On September 25, 1968, the Russian song “Dorogoy Dlinnoyu” topped the UK music charts. It was sung by Mary Hopkin and called "Those Were the Days", with different lyrics from the Russian original, penned by Gene Raskin.
Many might still remember the famous chorus:
“Those were the days my friend,
We thought they’d never end,
We’d sing and dance forever and a day,
We’d live the life we choose,
We’d fight and never lose,
For we were young and sure to have our way
Lalala lah la la, lalala lah la la,
Those were the days, oh yes, those were the days.”
However, in 1968 when the record went “gold” in the West, no one knew about the origin of that nostalgic melody. The first ever pop song to emerge from behind the Iron Curtain, “Dorogoy Dlinnoyu” (“By the long road”) was written by famous Russian composer, Boris Fomin, and poet, Konstantin Podrevsky, in the 1920's, especially to be performed by singer and poet Elizabeth Belogorsky.
Fomin and Podrevsky had written a large number of songs together, many of which are performed on stage to this day. However, the most popular remains “Dorogoy Dlinnoyu”, and its greatest Russian performer was Aleksandr Vertinsky, who made a pop adaptation and turned it into a hit, famous today around the world.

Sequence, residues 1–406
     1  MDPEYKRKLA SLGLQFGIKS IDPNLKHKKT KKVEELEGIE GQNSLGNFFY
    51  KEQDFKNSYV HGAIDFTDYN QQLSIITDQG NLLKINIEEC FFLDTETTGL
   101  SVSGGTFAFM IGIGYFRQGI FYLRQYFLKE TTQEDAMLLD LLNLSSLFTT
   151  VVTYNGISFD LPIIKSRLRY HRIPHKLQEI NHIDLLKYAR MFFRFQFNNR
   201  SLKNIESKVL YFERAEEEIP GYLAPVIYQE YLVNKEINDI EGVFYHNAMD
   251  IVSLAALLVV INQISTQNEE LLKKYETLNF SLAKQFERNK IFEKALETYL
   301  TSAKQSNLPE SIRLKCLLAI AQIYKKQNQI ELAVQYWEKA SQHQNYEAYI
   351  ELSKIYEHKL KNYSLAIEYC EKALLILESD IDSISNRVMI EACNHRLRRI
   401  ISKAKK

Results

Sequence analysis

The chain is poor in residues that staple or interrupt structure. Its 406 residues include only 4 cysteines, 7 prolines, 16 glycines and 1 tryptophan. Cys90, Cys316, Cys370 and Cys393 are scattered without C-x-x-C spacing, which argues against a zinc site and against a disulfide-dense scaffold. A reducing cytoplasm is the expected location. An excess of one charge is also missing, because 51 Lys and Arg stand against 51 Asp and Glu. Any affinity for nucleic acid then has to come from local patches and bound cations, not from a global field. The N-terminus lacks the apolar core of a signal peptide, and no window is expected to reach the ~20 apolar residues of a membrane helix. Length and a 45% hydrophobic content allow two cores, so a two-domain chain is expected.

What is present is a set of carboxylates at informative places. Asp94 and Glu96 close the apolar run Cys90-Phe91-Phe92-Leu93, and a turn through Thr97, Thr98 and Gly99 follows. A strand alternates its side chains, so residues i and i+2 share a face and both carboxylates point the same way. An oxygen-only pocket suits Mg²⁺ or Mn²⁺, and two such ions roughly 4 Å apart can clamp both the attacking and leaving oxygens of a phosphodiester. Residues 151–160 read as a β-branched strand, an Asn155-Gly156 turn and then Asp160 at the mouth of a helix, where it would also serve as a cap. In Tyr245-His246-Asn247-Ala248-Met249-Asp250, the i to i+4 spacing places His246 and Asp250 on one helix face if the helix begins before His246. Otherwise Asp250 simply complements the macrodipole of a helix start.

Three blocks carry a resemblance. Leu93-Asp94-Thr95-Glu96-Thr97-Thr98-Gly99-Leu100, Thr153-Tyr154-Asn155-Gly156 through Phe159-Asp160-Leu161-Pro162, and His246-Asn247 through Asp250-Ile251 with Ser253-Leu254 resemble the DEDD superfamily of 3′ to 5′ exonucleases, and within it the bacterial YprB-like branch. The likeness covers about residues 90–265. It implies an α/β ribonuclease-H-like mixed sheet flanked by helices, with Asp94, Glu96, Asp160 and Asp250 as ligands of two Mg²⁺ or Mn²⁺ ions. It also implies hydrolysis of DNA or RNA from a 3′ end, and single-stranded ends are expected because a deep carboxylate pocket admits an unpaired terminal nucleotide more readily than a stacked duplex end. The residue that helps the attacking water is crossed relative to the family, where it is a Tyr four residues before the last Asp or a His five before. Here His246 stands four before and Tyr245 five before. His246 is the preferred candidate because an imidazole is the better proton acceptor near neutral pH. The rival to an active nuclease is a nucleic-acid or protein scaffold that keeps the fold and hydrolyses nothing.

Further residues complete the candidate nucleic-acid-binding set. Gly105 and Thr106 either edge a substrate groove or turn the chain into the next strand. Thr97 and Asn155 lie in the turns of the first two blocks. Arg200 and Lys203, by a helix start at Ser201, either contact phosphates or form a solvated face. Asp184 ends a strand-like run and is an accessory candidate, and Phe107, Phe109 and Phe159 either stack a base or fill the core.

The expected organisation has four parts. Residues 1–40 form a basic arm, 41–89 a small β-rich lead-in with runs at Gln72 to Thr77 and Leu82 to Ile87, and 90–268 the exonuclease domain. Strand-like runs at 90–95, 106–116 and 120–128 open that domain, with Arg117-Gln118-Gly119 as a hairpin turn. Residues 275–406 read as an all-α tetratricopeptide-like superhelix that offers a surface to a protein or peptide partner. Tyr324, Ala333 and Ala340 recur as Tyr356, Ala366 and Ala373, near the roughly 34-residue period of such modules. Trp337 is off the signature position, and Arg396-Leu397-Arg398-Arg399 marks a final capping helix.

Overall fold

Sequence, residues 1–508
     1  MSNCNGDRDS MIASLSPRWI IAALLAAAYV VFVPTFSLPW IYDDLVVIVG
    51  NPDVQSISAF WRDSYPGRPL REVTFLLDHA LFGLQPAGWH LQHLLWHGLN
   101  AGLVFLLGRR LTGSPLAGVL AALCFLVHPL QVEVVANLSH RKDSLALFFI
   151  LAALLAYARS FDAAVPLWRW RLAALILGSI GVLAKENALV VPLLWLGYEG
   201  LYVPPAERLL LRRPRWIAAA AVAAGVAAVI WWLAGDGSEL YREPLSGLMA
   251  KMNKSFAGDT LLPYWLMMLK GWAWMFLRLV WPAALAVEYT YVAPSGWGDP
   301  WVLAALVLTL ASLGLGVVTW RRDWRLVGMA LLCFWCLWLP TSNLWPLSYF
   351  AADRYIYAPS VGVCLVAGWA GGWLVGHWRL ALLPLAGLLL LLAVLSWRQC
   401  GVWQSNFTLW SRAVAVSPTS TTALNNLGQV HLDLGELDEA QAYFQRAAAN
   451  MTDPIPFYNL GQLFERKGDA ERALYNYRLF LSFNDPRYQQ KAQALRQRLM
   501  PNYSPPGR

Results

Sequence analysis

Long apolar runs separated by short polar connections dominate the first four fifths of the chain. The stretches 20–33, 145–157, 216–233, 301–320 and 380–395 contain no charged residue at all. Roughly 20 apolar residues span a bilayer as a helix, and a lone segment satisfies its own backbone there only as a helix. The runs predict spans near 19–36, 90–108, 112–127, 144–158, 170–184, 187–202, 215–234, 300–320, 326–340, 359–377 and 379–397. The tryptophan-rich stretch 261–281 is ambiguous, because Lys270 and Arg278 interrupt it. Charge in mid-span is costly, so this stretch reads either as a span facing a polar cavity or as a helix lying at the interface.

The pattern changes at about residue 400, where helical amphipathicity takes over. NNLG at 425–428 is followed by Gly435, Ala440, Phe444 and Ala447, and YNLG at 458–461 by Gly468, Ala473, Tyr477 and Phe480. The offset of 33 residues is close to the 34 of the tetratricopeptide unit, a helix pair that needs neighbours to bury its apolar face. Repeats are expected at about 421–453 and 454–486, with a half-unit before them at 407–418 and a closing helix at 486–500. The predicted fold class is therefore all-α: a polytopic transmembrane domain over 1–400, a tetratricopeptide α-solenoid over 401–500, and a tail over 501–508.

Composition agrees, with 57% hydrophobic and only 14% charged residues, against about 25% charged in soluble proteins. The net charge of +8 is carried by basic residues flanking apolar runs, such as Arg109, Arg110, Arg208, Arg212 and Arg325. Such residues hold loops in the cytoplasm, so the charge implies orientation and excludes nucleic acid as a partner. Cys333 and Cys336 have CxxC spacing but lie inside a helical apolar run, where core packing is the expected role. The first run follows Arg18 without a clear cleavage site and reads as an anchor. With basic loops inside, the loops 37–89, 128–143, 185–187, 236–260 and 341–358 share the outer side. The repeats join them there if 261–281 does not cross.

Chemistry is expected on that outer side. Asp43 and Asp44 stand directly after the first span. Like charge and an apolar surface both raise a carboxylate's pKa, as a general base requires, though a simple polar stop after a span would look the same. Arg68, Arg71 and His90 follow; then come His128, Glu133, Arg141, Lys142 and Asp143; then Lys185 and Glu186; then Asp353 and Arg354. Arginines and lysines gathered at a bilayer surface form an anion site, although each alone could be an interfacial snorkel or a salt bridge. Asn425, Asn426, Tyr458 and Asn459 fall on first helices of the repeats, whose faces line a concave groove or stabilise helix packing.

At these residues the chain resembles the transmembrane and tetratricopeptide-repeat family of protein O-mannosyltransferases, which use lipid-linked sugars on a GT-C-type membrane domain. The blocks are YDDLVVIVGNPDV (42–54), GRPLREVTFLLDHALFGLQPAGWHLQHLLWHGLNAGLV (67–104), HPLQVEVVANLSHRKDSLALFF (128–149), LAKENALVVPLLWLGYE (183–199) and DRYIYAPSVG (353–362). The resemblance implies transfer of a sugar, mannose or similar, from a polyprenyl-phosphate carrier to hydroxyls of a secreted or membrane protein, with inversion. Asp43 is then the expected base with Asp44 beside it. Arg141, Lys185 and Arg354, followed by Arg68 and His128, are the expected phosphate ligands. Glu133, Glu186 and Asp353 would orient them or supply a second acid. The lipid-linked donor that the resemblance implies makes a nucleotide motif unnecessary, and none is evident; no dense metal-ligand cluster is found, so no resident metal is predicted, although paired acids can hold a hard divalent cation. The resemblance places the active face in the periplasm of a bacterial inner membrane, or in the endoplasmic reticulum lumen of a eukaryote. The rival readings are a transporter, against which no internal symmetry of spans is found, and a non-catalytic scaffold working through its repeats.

The song was first heard in the US back in the 1950's, performed by a duet called “Gene and Francesca”. Eventually, American singer and songwriter Gene Raskin adapted the text to the English language for popular US folk-group “The Limeliters” (at the same time assigning authorship to himself).
In 1968, The Beatles’ independent record label “Apple” signed a contract with a new discovery of Paul McCartney’s named Mary Hopkin. McCartney produced Hopkin’s debut single, “Those Were the Days”, which he had heard a few years back in a club called the "Blue Lamp" in London.
The single was the first and most successful for The Beatles’ label. It topped the UK charts for six weeks straight, and had the whole world singing its tune. Little did they all know it was composed by the legendary Boris Fomin.
“Those Were the Days” also reached the # 2 spot in the US. Paul McCartney recorded Mary singing "Those Were the Days" in four other languages for release in their respective countries: Germany, Spain, Italy and France. By the end of the first year of its release, it had sold over 5 million copies. The song has been adapted by many artists since: Sandie Shaw, the Three Tenors and Dolly Parton to name a few. US rapper “50 Cent” used an electric guitar version of the melody in his “When It Rains, It Pours”.